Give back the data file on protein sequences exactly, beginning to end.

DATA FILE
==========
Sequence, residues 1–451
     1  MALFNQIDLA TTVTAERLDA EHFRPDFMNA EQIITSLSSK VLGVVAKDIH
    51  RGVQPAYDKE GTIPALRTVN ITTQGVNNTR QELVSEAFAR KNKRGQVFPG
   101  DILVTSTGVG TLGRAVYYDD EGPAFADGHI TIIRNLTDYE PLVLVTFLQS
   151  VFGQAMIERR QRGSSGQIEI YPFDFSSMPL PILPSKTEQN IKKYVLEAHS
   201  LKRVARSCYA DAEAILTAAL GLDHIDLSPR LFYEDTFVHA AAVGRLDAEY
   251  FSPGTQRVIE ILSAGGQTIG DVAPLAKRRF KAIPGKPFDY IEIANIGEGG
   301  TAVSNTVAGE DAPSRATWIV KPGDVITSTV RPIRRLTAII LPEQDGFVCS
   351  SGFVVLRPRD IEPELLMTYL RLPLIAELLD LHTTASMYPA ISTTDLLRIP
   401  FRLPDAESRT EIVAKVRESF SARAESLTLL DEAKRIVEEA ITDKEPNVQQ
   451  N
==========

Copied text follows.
Sequence, residues 1–451
     1  MALFNQIDLA TTVTAERLDA EHFRPDFMNA EQIITSLSSK VLGVVAKDIH
    51  RGVQPAYDKE GTIPALRTVN ITTQGVNNTR QELVSEAFAR KNKRGQVFPG
   101  DILVTSTGVG TLGRAVYYDD EGPAFADGHI TIIRNLTDYE PLVLVTFLQS
   151  VFGQAMIERR QRGSSGQIEI YPFDFSSMPL PILPSKTEQN IKKYVLEAHS
   201  LKRVARSCYA DAEAILTAAL GLDHIDLSPR LFYEDTFVHA AAVGRLDAEY
   251  FSPGTQRVIE ILSAGGQTIG DVAPLAKRRF KAIPGKPFDY IEIANIGEGG
   301  TAVSNTVAGE DAPSRATWIV KPGDVITSTV RPIRRLTAII LPEQDGFVCS
   351  SGFVVLRPRD IEPELLMTYL RLPLIAELLD LHTTASMYPA ISTTDLLRIP
   401  FRLPDAESRT EIVAKVRESF SARAESLTLL DEAKRIVEEA ITDKEPNVQQ
   451  N